The American values are the reason America became the world’s freest and most prosperous country. But despite these challenges, the American people have remained committed to these core values. As a nation, we have weathered many storms throughout our history, including world wars, economic depressions, and social upheavals. Yet, we have emerged stronger each time, as we continue to embrace these fundamental principles that have served as the backbone of our society.
One of the ways in which we honor these values is through our observance of Memorial Day. This national holiday is a time for us to come together as a country and remember the sacrifice of the men and women who have given their lives in service to our nation. It is a time to reflect on the true cost of freedom and the debt that we owe to those who have made the ultimate sacrifice.
For many Americans, Memorial Day is a time of solemn remembrance. It is a time to visit the graves of loved ones who have died in service to our country and to pay our respects to those who have given their lives in defense of our freedom. It is a time to honor and remember those who have made the ultimate sacrifice for our country. Memorial Day is a solemn day of remembrance and reflection on the sacrifices made by the brave men and women of our armed forces.
It is a day to honor the fallen heroes who gave their lives in service to our country. It is also a day to recognize the sacrifices made by their families and loved ones, who have borne the burden of their loss. For them, every day is Memorial Day.
As we remember our fallen heroes, we should also reflect on the values for which they fought and died. The American values of E Pluribus Unum, Liberty, and In God We Trust are the bedrock of our nation. They are what make America great and what make us a shining example of freedom and democracy to the world.
E Pluribus Unum, or “Out of Many, One,” is a value that has been at the heart of America since its founding. It is the idea that we are all united as one people, regardless of our backgrounds or beliefs. This value has allowed America to become a melting pot of cultures and ideas, where people from all over the world can come together and create a new and better life.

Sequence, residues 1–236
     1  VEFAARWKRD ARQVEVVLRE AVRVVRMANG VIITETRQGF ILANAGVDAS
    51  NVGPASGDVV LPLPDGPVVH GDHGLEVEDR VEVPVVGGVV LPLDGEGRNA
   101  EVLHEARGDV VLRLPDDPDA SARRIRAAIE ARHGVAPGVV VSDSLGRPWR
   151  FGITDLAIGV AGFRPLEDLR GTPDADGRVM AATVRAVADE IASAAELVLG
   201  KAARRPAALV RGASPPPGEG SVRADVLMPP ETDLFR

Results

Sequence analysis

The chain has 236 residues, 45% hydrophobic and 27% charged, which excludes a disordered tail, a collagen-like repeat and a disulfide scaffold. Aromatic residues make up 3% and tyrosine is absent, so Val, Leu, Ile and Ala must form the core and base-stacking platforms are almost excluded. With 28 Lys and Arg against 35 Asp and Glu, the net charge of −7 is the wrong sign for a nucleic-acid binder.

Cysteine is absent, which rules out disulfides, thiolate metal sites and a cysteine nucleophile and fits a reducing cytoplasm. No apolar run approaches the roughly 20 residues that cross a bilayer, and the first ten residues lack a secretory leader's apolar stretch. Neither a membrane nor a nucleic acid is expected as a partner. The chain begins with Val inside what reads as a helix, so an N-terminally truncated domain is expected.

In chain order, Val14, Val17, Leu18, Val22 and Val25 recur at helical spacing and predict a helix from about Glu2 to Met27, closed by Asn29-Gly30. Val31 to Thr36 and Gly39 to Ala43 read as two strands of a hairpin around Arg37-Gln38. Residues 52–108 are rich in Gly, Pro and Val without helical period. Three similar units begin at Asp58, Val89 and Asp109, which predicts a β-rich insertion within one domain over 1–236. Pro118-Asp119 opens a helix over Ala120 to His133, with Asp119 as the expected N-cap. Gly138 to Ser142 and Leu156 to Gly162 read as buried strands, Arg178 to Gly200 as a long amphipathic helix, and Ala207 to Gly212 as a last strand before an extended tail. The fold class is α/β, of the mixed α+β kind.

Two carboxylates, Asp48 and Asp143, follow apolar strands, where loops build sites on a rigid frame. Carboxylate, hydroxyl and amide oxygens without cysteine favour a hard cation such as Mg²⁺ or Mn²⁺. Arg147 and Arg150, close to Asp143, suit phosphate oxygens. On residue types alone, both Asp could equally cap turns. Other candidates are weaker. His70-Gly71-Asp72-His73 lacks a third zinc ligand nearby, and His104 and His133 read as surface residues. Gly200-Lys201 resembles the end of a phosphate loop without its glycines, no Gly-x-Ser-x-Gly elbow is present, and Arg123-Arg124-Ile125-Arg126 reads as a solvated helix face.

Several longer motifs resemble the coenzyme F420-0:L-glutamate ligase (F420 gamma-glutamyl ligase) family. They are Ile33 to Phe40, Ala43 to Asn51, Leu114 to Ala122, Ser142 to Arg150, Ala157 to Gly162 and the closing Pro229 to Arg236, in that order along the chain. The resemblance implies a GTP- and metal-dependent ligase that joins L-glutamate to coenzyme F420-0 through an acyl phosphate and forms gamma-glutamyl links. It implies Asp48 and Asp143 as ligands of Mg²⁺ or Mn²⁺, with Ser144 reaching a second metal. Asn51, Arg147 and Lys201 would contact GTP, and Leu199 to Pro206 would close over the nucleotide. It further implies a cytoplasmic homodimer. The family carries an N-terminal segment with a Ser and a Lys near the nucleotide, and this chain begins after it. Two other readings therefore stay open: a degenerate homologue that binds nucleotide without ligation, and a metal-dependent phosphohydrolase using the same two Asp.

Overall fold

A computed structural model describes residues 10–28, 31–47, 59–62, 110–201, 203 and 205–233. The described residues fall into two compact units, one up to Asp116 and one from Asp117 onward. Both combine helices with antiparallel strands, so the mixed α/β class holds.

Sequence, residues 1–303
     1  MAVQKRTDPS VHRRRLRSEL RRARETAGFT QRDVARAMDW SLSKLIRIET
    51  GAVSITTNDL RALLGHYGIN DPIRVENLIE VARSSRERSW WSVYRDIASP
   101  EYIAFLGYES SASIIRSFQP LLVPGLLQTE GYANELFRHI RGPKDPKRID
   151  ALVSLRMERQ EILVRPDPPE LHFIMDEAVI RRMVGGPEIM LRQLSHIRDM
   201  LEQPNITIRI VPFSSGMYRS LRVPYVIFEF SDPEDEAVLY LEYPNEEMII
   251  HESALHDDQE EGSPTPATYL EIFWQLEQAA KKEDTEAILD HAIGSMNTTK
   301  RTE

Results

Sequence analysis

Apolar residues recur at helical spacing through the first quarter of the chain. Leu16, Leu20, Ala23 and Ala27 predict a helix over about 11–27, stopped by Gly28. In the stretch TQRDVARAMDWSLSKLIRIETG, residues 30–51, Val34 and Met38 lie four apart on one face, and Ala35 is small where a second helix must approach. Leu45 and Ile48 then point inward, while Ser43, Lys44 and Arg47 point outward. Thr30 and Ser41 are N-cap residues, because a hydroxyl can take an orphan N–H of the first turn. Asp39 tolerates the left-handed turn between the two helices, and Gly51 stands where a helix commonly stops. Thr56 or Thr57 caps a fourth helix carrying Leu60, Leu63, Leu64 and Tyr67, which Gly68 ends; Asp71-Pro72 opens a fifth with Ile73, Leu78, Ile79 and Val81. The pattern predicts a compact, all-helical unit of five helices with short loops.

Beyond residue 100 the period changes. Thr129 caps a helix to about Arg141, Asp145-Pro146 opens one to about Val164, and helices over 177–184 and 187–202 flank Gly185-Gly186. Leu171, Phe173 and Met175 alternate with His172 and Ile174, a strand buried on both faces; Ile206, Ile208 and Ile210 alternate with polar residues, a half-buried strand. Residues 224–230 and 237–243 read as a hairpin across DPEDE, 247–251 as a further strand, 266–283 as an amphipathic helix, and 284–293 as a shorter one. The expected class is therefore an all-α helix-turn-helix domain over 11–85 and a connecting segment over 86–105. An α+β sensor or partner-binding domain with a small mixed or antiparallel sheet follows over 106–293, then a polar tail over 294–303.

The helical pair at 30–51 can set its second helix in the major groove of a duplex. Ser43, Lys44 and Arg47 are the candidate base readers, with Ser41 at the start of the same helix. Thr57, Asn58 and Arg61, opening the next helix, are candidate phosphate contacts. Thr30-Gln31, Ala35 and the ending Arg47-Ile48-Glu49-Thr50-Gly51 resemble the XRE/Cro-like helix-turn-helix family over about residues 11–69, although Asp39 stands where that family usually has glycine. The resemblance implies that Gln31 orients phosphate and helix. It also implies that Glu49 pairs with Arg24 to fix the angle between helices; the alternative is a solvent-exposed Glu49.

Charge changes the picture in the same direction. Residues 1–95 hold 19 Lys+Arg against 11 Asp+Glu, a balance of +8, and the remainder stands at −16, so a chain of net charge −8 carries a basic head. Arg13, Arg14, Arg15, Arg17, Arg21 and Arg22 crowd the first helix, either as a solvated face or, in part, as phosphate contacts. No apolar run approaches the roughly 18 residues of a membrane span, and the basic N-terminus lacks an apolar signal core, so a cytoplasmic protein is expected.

Liberty is another American value that is central to our identity as a nation. It is the idea that every person has the right to life, liberty, and the pursuit of happiness. This value is enshrined in our Constitution and has been defended by generations of Americans who have fought and died to protect our freedom.
In God We Trust is a value that reflects our nation’s belief in the power of faith and the importance of morality. It is the idea that our rights come from a higher power, and that we have a duty to live our lives in a way that is consistent with our values and beliefs.
These values have made America the greatest nation on earth. They have allowed us to overcome adversity and to stand strong in the face of tyranny and oppression. They have inspired generations of Americans to serve their country and to make sacrifices for the greater good.
On Memorial Day, we honor those who have made the ultimate sacrifice to defend these values. We honor those who have given their lives so that we may live in a free and democratic society. We honor their courage, their sacrifice, and their commitment to the values that make America great.
But Memorial Day is not just a day to honor the fallen. It is also a day to remember the living, to thank those who have served our country and to support them in their ongoing struggles. Many veterans return home with physical and emotional wounds that can last a lifetime. It is our duty as a nation to support them and to ensure that they receive the care and resources they need to live fulfilling and productive lives.
We must also remember that the values for which our fallen heroes fought and died are still under threat. There are those who seek to undermine our democracy, to divide us by race and ethnicity, and to erode the values that have made America great. We must stand strong against these threats and reaffirm our commitment to the values that make America exceptional.
Copyright ©John Trenary, 2023. All rights reserved.